Benefits, Risks Surround Switching Anti-VEGF Therapy

For treating AMD, the 3 anti-VEGF agents report similar efficacy and safety results in trials but different molecular structure and biochemical properties.

Irmela Mantel, MD

An international review aimed at determining the benefits and risks of switching between anti-vascular endothelial growth factor (anti-VEGF) agents for treatment of age-related macular degeneration (AMD) found that, despite a lack of evidence that one anti-VEGF agent is superior to another for AMD treatment, there may be a subset of patients with “particular genetic (partial refractoriness) or pharmacodynamic (drug tolerance) characteristic for whom a drug switch might be beneficial."

Lead author Irmela Mantel, MD, with the Jules Gonin Eye Hospital and Department of Ophthalmology at the University of Lausanne, Switzerland, and colleagues gathered insights on "switching" between the 3 major anti-VEGF agents: aflibercept, ranibizumab, and bevacizumab. The researchers gauged 89 published papers and personal clinical observations in order to determine whether switching anti-VEGF agents is clinically warranted.

The researchers state found the 3 anti-VEGF agents, despite similar efficacy and safety results in trials, differ in "molecular structure and biochemical properties." And those properties affect the binding affinity" of each anti-VEGF agent to specific receptors, as well as the half-life of agents.

Mantel reported that, generally switching is performed following an unsatisfactory treatment response from use of another anti-VEGF agent, and often the switch is based on "structural criteria on OCT [Optical coherence tomography] rather than functional outcomes relevant for refractoriness" such as retinal fluid levels, visual acuity (VA), and treatment history.

An overview of switching outcomes in studies by researchers showed that there was some evidence that patients switching to ranibizumab/bevacizumab therapies from aflibercept resulted in a reduction of retinal thickness determined by OCT scans (reductions ranged from 23 µ to 112 µ), and lower injection rates after switching to aflibercept. However, there was little agreement among studies reporting changes in VA for AMD patients.

Mantel and colleagues argued that the current published data on switching results in few secure conclusions about the clinical benefits of changing anti-VEGF regimens.

"On examination of the published anti-VEGF switching data, most observers reach one of two conclusions: either that anatomical improvement with or without improvements in VA are observed upon switching or that the relatively minor changes observed after switch are not clearly attributable to switchin," Mantel wrote.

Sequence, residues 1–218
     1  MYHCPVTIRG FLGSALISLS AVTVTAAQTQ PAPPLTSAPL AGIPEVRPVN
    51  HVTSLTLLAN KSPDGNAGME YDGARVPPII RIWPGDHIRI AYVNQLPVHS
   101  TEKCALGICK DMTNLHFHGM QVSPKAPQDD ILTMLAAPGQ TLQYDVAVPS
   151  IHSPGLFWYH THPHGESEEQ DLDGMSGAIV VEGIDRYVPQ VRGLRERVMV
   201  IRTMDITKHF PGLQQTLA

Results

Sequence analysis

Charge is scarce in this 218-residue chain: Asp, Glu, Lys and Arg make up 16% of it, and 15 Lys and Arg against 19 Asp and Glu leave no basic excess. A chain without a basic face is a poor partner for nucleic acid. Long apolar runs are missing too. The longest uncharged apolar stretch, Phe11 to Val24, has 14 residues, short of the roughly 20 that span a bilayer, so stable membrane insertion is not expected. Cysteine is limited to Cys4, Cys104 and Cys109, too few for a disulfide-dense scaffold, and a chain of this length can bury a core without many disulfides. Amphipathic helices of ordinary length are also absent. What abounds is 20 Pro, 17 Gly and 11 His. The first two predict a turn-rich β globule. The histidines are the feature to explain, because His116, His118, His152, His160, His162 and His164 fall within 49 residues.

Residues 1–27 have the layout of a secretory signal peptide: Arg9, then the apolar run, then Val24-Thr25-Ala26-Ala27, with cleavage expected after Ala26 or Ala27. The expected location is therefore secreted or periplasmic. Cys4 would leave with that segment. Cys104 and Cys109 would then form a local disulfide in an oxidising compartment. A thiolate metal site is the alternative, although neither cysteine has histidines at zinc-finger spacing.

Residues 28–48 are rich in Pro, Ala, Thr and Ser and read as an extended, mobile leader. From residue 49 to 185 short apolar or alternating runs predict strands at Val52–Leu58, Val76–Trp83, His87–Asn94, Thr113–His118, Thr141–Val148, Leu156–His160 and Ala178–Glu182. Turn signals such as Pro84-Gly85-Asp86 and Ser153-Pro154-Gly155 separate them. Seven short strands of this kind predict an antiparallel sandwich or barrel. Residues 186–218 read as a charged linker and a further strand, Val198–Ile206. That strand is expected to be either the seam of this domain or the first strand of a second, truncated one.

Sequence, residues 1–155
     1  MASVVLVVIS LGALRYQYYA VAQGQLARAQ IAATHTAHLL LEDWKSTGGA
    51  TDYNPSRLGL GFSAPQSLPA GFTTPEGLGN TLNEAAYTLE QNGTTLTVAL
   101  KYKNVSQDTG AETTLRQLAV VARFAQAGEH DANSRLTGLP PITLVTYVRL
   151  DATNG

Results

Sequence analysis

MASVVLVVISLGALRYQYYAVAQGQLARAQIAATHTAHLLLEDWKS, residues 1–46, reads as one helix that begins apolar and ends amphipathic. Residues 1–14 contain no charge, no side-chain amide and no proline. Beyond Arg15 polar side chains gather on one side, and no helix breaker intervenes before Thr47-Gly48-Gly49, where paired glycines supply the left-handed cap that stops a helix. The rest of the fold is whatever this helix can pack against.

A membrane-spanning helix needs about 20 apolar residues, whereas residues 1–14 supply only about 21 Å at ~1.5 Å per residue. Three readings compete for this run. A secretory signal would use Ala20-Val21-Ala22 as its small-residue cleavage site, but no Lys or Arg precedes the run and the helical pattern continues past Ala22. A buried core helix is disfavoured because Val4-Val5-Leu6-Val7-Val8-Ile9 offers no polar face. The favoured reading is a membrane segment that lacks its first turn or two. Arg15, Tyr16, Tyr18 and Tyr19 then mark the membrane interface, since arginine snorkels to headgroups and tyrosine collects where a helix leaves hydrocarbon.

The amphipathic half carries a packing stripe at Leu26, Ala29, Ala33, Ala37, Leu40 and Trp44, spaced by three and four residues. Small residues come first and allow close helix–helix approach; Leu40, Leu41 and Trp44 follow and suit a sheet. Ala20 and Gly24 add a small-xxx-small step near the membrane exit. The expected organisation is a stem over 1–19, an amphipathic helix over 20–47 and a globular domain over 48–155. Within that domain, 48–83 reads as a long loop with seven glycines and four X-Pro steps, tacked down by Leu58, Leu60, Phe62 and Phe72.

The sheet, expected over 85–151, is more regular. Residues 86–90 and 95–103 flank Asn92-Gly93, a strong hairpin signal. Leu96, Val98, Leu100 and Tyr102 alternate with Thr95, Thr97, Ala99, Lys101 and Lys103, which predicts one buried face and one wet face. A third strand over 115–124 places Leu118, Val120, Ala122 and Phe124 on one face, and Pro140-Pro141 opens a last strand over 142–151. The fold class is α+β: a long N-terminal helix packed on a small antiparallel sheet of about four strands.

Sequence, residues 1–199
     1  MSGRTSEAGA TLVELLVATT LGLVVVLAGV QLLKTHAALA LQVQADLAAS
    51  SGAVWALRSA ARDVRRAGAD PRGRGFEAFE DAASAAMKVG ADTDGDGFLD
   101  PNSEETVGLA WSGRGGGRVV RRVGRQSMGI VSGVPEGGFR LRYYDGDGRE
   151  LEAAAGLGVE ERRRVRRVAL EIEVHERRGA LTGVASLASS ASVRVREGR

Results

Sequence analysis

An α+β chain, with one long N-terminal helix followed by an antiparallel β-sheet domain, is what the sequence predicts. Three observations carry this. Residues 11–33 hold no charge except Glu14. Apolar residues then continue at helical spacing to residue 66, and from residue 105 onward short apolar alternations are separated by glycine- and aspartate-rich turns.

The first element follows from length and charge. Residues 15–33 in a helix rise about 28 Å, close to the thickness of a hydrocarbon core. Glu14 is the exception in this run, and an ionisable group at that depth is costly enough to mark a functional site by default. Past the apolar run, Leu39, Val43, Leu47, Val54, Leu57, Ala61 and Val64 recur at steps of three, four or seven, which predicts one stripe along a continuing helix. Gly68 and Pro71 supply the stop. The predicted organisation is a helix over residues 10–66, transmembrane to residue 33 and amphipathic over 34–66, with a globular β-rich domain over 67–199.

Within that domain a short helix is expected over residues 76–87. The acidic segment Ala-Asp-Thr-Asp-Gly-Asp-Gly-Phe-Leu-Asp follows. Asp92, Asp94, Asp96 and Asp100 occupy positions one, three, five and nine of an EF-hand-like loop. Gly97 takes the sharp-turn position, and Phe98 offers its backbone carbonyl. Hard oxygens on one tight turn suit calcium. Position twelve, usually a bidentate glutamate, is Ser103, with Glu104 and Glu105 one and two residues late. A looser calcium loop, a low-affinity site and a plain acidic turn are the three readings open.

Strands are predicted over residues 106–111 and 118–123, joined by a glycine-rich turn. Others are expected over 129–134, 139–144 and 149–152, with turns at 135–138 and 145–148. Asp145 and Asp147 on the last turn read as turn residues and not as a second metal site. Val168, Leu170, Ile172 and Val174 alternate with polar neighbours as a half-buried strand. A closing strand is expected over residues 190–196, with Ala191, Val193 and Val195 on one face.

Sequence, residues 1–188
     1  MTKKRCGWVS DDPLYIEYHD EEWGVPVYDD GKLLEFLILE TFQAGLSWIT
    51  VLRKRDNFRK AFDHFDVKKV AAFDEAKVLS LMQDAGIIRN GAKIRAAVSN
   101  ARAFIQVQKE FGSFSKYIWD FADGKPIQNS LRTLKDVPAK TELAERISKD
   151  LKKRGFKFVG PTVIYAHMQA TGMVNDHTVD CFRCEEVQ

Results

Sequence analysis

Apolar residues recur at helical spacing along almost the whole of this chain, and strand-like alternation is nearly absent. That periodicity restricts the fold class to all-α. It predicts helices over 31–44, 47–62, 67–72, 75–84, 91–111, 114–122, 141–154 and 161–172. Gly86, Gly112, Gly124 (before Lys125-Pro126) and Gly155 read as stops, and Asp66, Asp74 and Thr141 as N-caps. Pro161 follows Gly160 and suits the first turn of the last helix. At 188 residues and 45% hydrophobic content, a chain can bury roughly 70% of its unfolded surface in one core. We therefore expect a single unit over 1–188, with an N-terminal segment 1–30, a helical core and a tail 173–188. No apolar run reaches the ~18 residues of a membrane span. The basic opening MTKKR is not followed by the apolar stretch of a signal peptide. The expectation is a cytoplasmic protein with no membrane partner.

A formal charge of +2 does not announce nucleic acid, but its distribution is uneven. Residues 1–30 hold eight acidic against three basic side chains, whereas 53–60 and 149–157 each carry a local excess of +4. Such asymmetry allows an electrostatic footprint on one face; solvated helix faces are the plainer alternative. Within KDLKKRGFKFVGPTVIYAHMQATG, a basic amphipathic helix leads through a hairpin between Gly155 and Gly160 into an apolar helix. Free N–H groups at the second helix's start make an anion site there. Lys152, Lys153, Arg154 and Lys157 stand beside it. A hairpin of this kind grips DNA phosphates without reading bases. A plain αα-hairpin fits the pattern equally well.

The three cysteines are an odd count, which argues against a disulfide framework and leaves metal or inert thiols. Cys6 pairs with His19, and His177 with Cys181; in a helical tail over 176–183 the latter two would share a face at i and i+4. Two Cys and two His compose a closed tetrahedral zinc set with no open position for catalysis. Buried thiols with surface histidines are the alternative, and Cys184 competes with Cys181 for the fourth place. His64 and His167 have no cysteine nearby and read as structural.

He and colleagues also reported that the majority of already-published data entails studies with outcomes for patients switching from ranibizumab and/or bevacizumab to aflibercept, and that many of the research papers on switching between anti-VEGF agents are difficult to compare due to dissimilarities and asymmetries in the methodologies of published reports, the lack of a control arm, and various design and selection biases.

Those studies reporting a structural and/or functional benefit to switching anti-VEGF agents argued that the addition of an additional VEGF agent, with different pharmacodynamics and pharmacokinetics may assist some AMD patients, particularly those with genetic variations in the VEGF-A gene which has been theorized to be resistant to specific anti-VEGF agents.

Researchers suggested that switching anti-VEGF agents has clinical value, but argued that results of switching in a larger patient population may be "masked" within the patient population as a whole, and that that as yet identified subpopulation may be more likely to benefit from switching to an alternative anti-VEGF agent.

Studies reporting a lack of statistical evidence that switching anti-VEGF agents for treatment of AMD, Mantel states, often argue for the equivalency of the anti-VEGF agents based on the agents' equivalent outcomes in efficacy and safety trials, that changes to patient responsiveness and treatment frequency are to be expected over time" but are not necessarily the result of switching medications, and that those changes (for better or worse) over time can be credited to length of treatment or other confounding factors.

Though there is no clear evidence for a generalized superiority of 1 drug over the other, Mantel and her colleagues believed more research may be needed to determine if there is indeed a subset of patients with particular genetic characteristics for whom a switch would be beneficial.

The study, "Switching between ranibizumab and aflibercept for the treatment of neovascular age-related macular degeneration (nAMD)" was published online in the Survey of Ophthalmology last month.

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